The barrel and hourglass effects usually occur because of either improper crowning or an undersized machine. A crowned roll is designed to work with a specified thickness range. If the material is too thin for the roll's crown, the roll doesn't deflect quite as much. So it's bent a bit too much in the center, producing a rolled section with a slight hourglass shape. If the material is too thick, the roll will deflect too much, so it will bend less in the center than at the ends. In this case, the finished product looks a little like a barrel. An operator can shim either at the two ends (for thicker material) or at the center (for thinner material) to eliminate these effects. But this can slow production significantly, which can be a burden, especially for a wind tower manufacturer.
A machine crowned for 1-in. material consists of rolls with the middle slightly larger in diameter than the ends, to compensate for the deflection the machine will experience when 1-in. plate is put into the machine. The diameter difference is slight, measured in thousandths of an inch. This bulge, or crown, counteracts the material deflection as it forms up through the rolls.
Precision rolling machines can be designed with the side bending rolls positioned as close as possible to the lower center roll (pinch roll)— almost touching, in fact (see Figure 2). The top roll, pinch roll, and side rolls all are larger than on conventional rolling machines. This added mass guarantees reduced deflection under load. The larger rolls require less crowning, so they are able to roll a wider range of thicknesses. In fact, rolls that are 20 percent larger than normal can help minimize deflection by nearly 100 percent, which means operators don't need to use shims to adjust for various plate thicknesses.
Because wind towers are conical, rolling machines must tilt rolls slightly to put more pressure on one end of the roll than the other. To maintain consistency of the wind tower's conical angle, and to prevent off-center loading, the rolls' degree of tilt must be preset automatically and kept constant throughout the rolling cycle.
This constant tilting, or balancing, ideally is accomplished with numerical control, which can send continual adjustments to hydraulic proportional valves on either end of the rolls (see Figure 3). Some machines have four independent bearings supporting each roll, so that the roll tilt can match precisely the angle required by the conical wind tower sections while maintaining full support, even in the tilted orientation. Electronic balancing systems can keep tolerances at less than 0.008 in., as demanded by precision wind tower work.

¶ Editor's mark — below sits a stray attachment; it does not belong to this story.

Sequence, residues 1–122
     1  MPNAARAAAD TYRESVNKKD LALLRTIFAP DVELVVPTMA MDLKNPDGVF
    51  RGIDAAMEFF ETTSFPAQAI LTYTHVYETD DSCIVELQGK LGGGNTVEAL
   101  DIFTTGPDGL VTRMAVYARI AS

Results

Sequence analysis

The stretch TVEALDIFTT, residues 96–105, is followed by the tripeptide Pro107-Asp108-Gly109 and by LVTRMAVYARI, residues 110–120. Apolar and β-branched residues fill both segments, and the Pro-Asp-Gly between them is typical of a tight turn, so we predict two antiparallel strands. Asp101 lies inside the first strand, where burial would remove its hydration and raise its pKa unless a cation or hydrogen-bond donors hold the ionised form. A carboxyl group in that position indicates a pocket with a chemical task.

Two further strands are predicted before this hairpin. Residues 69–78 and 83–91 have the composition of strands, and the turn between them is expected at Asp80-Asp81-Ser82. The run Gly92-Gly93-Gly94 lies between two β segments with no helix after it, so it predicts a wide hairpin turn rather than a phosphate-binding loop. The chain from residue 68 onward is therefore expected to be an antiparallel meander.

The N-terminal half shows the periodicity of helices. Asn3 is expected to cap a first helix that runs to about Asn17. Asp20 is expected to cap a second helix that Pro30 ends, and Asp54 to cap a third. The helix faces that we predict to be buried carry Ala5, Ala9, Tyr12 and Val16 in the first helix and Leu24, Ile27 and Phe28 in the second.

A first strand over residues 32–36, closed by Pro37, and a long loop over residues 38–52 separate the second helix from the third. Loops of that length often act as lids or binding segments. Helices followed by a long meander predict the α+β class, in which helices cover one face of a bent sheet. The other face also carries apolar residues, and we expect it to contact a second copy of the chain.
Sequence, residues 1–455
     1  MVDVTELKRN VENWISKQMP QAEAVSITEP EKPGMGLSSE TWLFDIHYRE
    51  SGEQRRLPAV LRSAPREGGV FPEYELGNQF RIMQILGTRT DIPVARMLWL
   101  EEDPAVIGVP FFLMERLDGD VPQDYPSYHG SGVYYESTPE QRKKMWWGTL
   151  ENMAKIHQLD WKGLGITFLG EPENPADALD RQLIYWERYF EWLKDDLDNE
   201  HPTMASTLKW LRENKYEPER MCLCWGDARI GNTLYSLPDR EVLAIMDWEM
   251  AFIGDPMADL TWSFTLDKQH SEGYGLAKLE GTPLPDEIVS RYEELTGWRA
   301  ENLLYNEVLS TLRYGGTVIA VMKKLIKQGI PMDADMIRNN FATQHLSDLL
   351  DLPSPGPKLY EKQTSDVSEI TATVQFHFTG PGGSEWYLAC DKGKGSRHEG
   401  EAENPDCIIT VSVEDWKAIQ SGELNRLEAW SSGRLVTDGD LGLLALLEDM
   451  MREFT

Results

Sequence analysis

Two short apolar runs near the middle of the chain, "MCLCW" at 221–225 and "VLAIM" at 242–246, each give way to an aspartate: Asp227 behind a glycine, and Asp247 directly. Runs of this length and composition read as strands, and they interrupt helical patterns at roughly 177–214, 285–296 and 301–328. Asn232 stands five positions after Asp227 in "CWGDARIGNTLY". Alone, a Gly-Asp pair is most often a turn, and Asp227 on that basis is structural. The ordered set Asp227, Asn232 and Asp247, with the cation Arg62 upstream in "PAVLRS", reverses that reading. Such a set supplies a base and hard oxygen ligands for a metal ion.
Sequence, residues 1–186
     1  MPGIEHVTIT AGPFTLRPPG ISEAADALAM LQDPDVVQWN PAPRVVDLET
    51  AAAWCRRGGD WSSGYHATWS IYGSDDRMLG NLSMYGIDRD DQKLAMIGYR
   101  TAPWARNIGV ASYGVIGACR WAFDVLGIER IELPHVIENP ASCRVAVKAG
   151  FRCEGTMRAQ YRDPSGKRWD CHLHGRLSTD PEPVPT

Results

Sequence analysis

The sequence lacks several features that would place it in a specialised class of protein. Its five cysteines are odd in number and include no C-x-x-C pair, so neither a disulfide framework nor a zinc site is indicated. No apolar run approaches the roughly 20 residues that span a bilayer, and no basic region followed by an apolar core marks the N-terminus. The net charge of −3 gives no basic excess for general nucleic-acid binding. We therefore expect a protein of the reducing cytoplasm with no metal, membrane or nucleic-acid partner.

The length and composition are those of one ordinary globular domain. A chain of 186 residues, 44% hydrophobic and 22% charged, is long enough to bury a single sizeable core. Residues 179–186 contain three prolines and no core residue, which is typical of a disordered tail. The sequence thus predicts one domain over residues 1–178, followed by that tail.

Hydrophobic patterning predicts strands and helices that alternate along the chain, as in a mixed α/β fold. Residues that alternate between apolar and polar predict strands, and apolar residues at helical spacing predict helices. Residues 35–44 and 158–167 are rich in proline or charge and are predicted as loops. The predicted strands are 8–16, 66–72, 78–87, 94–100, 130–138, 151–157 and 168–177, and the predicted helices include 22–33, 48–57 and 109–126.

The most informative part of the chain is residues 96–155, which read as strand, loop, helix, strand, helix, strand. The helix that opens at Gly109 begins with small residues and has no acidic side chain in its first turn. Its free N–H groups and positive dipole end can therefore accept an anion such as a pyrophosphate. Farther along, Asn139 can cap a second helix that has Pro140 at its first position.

Unlike other cone applications, tower cone sections are only slightly conical. Conical rolls aren't necessary. In conventional cone rolling, the contrast die—a wheel or hardened steel piece mounted to the machine frame—contacts the small-diameter portion of the cone, so it can be rolled slower than the large-diameter portion. However, because wind tower sections are only slightly conical, the plate never comes in contact with the contrast die. And since the sections are formed with a cylindrical rolling operation, there is also no damage to their beveled edges from friction.
Various additions to plate rolling systems can boost productivity. For instance, plate supports allow a machine to operate without an overhead crane. A support beam on a vertical column, positioned above the roll set, can hold the material and prevent the cone from distorting (see Figure 4). For wind towers, this top beam can be tilted according to the cone angle. The top beam's capacity should be between 5 and 20 tons, depending on the size of the heaviest section.
Feed tables also help speed production, reducing the need for overhead cranes. While the machine is rolling one part, the feed table can set the next one precisely where it's needed, so it's ready to go as soon as the previous roll shape is finished.